“Out-of-the-box winner”— that is exactly how Monark marketed its motocross machines. The 21-horsepower, six-speed, 54mm x 54mm Sachs 6B engine came with a Motoplat transistorized ignition and a 27mm Bing carb. A chromoly frame, Ceriani forks and Girling shocks were just some of the high-quality components used in this fabulous machine.
Monark was known as Cykelfabriken Monark AB until 1927 and Monark Cresent Bolagen (MCB) after that. Monark built its first motorcycle in 1908. In 1959, the company produced a handful of 500cc four-stroke motocross bikes and won the 1959 500cc World Championship with Sten Lundin in the saddle. Lundin’s victory was both the highlight and the end of the road for Monark. It ceased motorcycle production in 1960.
In 1972, the Monark 125MX was the envy of every 125 rider. Monark had its greatest success since 1959 when Marty Smith finished second at the 1973 125 National Championship race at Arroyo Cycle Park (now called Glen Helen); Ray Lopez won the event on a Penton. After Honda introduced the CR125 Elsinore, Monark sales dropped and the company made its last bike in 1976.
HOW TO TELL A MONARK 125MX FROM A GS OR GS PRO
The suggested 125MX retail price in 1972 was $975. The more powerful GS model (GS stand for “GelandeSport”), which came in 1973, cost $1165. There was even a GS Pro in 1974 that retailed for $1365. How can you tell a 125MX from a 125GS or GS Pro? (1) The 125MX had a screw-cap Bing carb, while the GS model has two screws holding the cap on. (2) The 125MX models came with two-piece downpipes (chrome front and mild steel rear). The GS models came with one-piece down pipes. (3) The 125MX had chrome steel fenders, while the GS models had yellow plastic fenders. (4) All Monark 125GS models had lemon-yellow gas tanks, but the 125MX tank was a darker yellow than the GS or GS Pro tank (and the 1975–’76 tanks were solid yellow and mimicked a CR125 shape). (5) The 125MX engine ID was 6B (although there could be a few 5B engines around). The 125GS and GS Pro had a 6B GS ID. (6) The 125MX models came with a steel rear sprocket, while the GS models had aluminum sprockets. (7) And, finally, the GS cylinder and head fins had holes drilled in them to accept the ISDT leaded bands (to seal the engine). Of the 3480 Monarks produced from 1970 to May of 1976, only 1100 came to the USA—approximately 110 of those were GS models. You could special-order a 100cc model factory direct for an additional $100.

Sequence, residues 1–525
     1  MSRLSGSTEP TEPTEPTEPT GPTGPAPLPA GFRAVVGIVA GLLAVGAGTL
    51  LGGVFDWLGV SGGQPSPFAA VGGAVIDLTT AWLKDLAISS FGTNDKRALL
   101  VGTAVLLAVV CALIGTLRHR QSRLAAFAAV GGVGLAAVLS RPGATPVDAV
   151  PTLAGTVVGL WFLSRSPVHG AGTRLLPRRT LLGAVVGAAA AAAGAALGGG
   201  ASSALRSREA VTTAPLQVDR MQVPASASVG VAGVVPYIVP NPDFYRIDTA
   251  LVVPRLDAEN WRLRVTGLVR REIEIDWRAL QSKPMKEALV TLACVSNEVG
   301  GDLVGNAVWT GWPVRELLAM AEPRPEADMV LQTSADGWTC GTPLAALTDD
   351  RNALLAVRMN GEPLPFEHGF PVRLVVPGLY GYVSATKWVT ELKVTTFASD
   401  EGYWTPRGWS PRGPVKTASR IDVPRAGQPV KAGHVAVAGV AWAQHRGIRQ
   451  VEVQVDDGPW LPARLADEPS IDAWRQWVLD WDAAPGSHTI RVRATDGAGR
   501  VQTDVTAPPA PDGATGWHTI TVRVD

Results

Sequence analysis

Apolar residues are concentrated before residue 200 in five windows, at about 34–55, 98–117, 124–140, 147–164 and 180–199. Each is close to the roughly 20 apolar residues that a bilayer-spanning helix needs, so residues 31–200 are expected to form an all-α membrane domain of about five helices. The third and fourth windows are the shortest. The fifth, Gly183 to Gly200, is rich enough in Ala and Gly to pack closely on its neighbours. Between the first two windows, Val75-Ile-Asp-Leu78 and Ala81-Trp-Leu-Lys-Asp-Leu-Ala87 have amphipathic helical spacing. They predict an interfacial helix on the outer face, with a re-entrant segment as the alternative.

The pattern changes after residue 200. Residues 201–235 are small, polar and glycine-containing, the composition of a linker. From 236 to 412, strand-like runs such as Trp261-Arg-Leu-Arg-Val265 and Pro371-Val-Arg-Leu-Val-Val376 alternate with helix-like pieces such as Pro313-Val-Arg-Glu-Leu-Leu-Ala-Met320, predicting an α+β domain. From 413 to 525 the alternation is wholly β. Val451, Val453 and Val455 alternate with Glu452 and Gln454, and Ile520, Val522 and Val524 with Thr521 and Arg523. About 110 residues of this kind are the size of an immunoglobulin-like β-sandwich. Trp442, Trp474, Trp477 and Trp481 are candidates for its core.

1971 MONARK 125MX FACTS
WHAT THEY COST
The suggested retail price was $975.00. Our Early Years of MX Museum Monark was restored by Bill West and is valued at $10,000. In all, 3480 Monarks were produced from 1970 to May of 1976, and around 1100 came to the U.S.A.
American importers brought in the 125 MX and 125 Enduro models. You could special order a 100cc model factory direct for an additional $100. In 1973, Monark introduced the GS and GS Pro models that featured 24 horsepower. The GS models had a lemon-yellow gas tank, whereas the MX models had orangish tanks. GS models were the last hurrah for the Swedish brand.
WHAT TO LOOK FOR
Besides the Ceriani forks, Girling shocks and 27mm Bing, make sure it has the original Akront rims. The standard Trelleborg tires are nearly impossible to find, as are the stainless steel fenders of the pre-’73 bikes. If the standard expansion chamber in the two-part exhaust is in good shape, that is a real bonus!
Vintage Monark in Oceanside, California, is the best source for hard-to-find Monark parts. Go to www.vintagemonark.com or call (760) 754-8177.
For more info on classic bikes go to www.earlyyearsofmx.com